Wednesday, August 11, 2010

The Very Model of a Modern Entertainment

Nothing opened on North Coast stages two weekends ago, and nothing opens this coming weekend, or as far as I know for several more weekends. But this past weekend two shows opened, both musicals. Apart from the box office wisdom of this, it caused me particular problems. As NC Journal reviewer they presented me with two choices: choose one to review this week and one next week, which would mean that one would be unreviewed until late in its run. Or review both but--because of space/word limits--give each of them half the review they would have had separately. For me, it meant twice the work for half the money. But that's the choice I made---this time.

So in Stage Matters in this week's Journal, you'll find reviews of Humboldt Light Opera's Pirates of Penzance and Ferndale Rep's Rent. What follows right here, right now, is an expanded version of the Pirates review. In a few days I'll post an expanded version of the Rent review.

Maybe it’s the current affection for piratical affectations, or maybe just the prevailing local approach to musicals, but Humboldt Light Opera Company dispenses with the smirks and self-consciousness that can mar Gilbert and Sullivan revivals. Instead they present a buoyant, colorful and joyful Pirates of Penzance at Humboldt State’s Van Duzer Theatre.

James Gadd and Fiona Ryder reunite (from last year’s The Light in the Piazza) as the appealing skull-and-bones-crossed lovers. Gadd is as handsome as any classic matinee idol, and a capable singer. Fiona Ryder brought a youthful energy that immediately made her credible as the boldest of the innocent young ladies, and the part showed off her voice to thrilling effect. Bill Ryder as the stalwart Pirate King, the dynamic Cindy Cress as Ruth and Ellsworth Pence as the Major General (his entrance is a high point) are just the most obvious standouts in a huge and capable cast. The dances, especially those choreographed and led by Craig Benson, add another layer of delight.

Musical direction by David Powell and Katri Pitts, the orchestra conducted by Justin Sousa, choreography by Shaelan Salas and sound by Justin Takata admirably support the local gold standard of singing. Carol McWhorter Ryder’s wise direction together with Jayson Mohatt’s economical but elegant and useful set and lighting design, and everyone involved in creating the colorful costumes, filled the Van Duzer with exciting clarity.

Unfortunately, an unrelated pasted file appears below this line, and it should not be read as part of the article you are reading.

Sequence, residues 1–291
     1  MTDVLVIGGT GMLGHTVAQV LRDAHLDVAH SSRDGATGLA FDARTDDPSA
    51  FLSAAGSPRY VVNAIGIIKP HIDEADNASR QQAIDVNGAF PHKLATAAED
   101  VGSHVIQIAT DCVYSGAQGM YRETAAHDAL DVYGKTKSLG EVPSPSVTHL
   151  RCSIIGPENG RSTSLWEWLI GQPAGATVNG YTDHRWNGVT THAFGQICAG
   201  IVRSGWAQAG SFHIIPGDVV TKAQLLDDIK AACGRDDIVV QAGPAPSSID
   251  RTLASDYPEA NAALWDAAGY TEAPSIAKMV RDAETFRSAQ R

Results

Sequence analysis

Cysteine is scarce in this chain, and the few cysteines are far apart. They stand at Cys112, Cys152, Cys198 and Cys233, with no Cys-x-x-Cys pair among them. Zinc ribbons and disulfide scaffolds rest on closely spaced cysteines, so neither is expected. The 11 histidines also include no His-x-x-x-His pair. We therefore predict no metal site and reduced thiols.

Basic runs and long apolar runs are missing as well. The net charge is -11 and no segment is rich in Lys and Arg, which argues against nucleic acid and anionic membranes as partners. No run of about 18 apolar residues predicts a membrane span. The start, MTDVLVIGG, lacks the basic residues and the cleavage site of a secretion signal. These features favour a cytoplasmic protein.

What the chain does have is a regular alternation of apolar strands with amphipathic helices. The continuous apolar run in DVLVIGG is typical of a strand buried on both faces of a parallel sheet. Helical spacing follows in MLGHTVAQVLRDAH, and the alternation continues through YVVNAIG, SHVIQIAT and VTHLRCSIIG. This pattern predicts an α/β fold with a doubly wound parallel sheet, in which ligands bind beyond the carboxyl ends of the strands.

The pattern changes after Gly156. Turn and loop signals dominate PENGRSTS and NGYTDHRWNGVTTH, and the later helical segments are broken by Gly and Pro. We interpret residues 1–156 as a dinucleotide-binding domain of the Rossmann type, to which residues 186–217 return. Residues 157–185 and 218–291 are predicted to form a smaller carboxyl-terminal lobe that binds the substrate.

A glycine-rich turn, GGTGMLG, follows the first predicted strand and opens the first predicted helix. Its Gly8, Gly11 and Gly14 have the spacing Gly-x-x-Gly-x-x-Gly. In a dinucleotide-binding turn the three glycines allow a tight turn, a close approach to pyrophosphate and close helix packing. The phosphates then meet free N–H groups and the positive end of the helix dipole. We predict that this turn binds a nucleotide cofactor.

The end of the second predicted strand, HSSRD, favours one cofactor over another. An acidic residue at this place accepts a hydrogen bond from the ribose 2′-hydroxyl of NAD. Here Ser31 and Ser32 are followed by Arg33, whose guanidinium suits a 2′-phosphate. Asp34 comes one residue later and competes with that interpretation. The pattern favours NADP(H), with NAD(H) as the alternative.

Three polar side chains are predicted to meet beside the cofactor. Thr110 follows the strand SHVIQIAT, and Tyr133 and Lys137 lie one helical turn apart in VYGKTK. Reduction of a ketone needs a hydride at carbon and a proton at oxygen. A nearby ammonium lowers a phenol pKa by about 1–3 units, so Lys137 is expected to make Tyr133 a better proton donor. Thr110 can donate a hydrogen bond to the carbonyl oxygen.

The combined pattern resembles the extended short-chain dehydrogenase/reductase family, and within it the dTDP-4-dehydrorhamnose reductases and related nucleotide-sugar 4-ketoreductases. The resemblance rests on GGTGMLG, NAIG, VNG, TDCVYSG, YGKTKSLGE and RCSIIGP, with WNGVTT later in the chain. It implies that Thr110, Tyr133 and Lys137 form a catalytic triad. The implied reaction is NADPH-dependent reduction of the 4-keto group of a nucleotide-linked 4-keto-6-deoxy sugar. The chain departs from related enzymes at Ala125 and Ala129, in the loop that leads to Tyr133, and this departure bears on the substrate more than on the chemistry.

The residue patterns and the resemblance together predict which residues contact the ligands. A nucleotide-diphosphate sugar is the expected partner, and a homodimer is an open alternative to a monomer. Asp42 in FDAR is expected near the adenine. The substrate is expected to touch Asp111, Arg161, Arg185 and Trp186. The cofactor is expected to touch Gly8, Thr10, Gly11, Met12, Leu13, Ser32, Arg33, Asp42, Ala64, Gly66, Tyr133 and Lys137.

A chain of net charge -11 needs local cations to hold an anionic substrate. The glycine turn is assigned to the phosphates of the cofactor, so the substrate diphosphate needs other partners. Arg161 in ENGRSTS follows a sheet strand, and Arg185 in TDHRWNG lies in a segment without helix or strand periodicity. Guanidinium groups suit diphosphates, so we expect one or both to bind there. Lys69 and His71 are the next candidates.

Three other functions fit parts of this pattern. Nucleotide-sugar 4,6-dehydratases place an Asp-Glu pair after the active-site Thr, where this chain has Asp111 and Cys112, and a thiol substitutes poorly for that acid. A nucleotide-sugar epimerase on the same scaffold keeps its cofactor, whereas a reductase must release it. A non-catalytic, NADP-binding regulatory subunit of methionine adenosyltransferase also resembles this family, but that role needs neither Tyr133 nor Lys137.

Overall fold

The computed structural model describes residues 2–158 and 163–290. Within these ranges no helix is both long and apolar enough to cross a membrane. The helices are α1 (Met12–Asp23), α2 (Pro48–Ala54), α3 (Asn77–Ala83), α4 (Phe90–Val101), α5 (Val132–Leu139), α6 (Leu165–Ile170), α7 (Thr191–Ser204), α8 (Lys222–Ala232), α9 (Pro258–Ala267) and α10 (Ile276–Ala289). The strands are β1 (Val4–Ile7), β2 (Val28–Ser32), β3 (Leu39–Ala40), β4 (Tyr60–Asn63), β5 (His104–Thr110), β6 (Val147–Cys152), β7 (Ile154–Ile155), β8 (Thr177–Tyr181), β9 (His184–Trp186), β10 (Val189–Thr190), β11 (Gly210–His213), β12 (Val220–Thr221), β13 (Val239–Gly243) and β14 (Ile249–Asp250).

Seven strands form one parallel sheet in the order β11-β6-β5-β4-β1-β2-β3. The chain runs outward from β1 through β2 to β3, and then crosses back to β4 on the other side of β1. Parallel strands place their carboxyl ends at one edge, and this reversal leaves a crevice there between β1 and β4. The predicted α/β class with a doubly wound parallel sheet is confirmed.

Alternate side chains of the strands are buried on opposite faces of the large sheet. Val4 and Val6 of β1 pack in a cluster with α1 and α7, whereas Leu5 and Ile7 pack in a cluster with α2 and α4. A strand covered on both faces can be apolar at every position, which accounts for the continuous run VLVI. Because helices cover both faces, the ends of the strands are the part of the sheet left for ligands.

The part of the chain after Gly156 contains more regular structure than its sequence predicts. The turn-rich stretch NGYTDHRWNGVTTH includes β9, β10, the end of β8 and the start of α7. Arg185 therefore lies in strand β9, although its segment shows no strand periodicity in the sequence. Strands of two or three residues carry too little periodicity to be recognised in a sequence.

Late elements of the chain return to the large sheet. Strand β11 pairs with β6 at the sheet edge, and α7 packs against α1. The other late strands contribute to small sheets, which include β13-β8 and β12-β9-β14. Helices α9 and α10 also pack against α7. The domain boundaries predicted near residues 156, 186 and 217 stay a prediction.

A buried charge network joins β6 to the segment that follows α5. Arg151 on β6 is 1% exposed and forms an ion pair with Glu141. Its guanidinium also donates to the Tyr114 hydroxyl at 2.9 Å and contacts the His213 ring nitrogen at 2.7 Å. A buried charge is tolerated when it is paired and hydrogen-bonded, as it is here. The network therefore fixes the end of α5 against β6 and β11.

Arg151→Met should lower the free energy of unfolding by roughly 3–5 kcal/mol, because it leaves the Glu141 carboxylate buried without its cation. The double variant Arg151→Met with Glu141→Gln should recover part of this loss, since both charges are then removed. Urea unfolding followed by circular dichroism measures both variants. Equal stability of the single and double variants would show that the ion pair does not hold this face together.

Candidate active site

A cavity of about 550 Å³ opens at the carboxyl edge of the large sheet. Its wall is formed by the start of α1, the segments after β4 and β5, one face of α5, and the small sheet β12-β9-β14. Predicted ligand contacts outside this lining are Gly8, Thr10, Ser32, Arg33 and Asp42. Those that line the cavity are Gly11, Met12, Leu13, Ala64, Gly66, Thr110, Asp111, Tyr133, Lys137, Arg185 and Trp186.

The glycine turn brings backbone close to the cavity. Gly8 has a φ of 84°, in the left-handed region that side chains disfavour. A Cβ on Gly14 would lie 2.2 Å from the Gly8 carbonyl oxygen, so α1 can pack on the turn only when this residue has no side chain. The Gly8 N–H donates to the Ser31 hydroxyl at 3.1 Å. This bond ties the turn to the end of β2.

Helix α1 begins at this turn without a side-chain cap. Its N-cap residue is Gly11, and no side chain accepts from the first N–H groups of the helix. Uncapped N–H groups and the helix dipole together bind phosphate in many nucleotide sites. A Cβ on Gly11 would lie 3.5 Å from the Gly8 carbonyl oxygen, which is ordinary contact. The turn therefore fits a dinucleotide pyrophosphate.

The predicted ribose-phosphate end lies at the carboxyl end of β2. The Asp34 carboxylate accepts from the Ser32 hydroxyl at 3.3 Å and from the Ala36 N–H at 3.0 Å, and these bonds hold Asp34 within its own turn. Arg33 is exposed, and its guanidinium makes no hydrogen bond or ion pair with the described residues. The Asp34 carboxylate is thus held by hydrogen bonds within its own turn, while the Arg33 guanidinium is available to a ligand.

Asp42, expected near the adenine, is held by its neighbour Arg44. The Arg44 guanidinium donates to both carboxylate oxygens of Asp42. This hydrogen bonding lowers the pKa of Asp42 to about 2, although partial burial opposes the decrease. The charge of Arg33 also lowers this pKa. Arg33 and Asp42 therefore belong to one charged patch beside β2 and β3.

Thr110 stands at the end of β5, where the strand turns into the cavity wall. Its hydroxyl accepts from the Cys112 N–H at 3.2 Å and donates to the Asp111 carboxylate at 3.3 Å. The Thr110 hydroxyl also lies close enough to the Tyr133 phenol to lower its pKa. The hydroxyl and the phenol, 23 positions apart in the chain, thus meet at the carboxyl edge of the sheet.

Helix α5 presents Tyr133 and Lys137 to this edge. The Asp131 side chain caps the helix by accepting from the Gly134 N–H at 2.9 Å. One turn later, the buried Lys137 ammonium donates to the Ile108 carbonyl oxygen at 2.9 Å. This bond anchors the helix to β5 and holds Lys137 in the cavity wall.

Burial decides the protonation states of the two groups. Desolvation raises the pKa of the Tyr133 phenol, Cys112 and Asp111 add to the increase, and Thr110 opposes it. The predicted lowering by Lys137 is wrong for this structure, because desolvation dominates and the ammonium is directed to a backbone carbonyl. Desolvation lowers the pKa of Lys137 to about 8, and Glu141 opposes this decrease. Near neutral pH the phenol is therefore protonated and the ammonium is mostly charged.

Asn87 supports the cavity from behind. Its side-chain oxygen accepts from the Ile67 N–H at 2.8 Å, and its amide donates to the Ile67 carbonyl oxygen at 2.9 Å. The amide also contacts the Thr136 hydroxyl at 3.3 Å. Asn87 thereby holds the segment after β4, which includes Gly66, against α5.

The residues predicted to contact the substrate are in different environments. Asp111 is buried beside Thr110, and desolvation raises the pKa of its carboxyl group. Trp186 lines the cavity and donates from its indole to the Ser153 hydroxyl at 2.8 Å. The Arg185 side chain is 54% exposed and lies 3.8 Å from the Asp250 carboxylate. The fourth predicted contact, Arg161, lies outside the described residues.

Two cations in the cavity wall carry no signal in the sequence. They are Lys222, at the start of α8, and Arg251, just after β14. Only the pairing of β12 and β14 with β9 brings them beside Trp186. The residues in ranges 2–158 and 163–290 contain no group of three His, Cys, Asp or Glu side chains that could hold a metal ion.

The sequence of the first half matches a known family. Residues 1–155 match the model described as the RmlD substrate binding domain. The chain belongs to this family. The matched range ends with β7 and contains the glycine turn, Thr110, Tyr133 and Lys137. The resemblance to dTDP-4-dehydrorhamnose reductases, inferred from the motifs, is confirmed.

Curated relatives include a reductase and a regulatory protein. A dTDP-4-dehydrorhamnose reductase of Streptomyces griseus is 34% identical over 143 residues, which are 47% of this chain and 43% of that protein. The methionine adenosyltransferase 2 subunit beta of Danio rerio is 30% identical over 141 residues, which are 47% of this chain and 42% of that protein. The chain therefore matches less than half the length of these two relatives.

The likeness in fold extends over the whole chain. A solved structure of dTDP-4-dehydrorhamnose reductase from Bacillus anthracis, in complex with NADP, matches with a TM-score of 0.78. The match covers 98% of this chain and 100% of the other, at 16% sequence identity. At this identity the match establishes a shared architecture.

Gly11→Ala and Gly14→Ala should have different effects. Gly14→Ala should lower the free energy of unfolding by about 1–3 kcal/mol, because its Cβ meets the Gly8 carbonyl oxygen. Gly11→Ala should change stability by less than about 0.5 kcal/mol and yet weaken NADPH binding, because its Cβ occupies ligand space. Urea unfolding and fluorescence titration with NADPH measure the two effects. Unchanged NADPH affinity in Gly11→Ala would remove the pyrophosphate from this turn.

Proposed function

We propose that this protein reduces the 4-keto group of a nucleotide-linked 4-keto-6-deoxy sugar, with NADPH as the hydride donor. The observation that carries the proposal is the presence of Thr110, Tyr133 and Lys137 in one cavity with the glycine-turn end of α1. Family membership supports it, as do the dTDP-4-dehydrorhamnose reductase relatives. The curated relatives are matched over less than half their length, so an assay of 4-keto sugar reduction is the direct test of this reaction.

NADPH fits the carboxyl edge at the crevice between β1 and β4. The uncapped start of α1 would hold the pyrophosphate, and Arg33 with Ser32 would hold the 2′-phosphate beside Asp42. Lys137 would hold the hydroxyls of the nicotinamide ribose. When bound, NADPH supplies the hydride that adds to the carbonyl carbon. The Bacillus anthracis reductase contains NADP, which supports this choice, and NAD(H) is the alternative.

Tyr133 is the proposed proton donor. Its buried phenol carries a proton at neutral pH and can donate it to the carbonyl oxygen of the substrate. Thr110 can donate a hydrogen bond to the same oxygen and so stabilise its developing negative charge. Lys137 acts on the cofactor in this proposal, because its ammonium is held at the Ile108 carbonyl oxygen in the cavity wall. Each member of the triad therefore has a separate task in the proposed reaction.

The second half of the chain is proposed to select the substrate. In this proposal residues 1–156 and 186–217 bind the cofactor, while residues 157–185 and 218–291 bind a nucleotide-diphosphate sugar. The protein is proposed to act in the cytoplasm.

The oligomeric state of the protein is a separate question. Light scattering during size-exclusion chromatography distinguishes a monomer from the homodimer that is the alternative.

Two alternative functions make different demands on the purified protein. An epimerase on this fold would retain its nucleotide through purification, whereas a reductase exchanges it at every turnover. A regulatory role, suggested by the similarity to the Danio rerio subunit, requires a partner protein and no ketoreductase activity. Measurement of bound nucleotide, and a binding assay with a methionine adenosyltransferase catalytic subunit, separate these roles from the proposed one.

The set was basically simple, but every piece of it was both well-executed and functional. The pirate ship was a wow, and got things off to a great start, but it left the stage for most of the evening. The backdrop for the rest of the first act was very basic, but a sun in the sky and a few rock formations for people to hide behind and climb around on were all that was needed. The second act backdrop was more dramatic--the black sky with twinkling stars, but the sets of columns--which looked like they might have been recycled from the piazza--were again both elegant visually and used very well. All of this worked very well for this particular show, in which realism is not a factor, but I suspect this general approach could work for many others.

There were two other elements to the staging. There was a platform in front of the orchestra pit where several songs were staged, notably the second act love duet. There was also action in the aisles. I'm normally not a fan of this--I believe this is the audience's space, and actors running up and down the aisles (often enough, carrying weapons) is unnecessarily dangerous to both audience and actors. But in this show the action was much more benign--the charming daughters floated by.

I might also mention that in the orchestra pit there was in fact an orchestra--without a covering, so the musicians could see the actors and the actors could see the orchestra, helping both.

Carol Ryder's direction was so impressive because she kept the stage full of color and movement, and used the depth of the stage to do so (especially for the dancing), but most of the singing was done as close to the audience as possible--usually downstage center, or on that platform that was practically in the audience. These singers generally have the most training of any in local productions, and operatic voices like Fiona Ryder's carry beautifully, but even so--director Ryder made sure by her staging that the audience was going to hear every word and every note.

Two of the singers wore body mikes, and there were floor mikes across the stage, but once again, it was the staging that guaranteed this show would be seen and heard to its best advantage, especially in the sometimes troublesome Van Duzer.

HLOC is a community theatre organization, but I doubt if you could find a professional theatre version of The Pirates of Penzance with as perfect a production and as winning a cast. They highlight all the humor, eternal and historical, with skillful song and dance, romantic and euphorical. They ply us with a plot that is at best fantastical, with certitude and grace, droll and enthusiastical. With audience in tow, they sail to this attainment: more ecstatic than dramatic, this is the very model of a modern entertainment.

HLOC’s The Pirates of Penzance continues in the Van Duzer on Fridays and Saturdays at 7:30 pm until August 21, with Sunday matinees at 2 on August 8 and 15.

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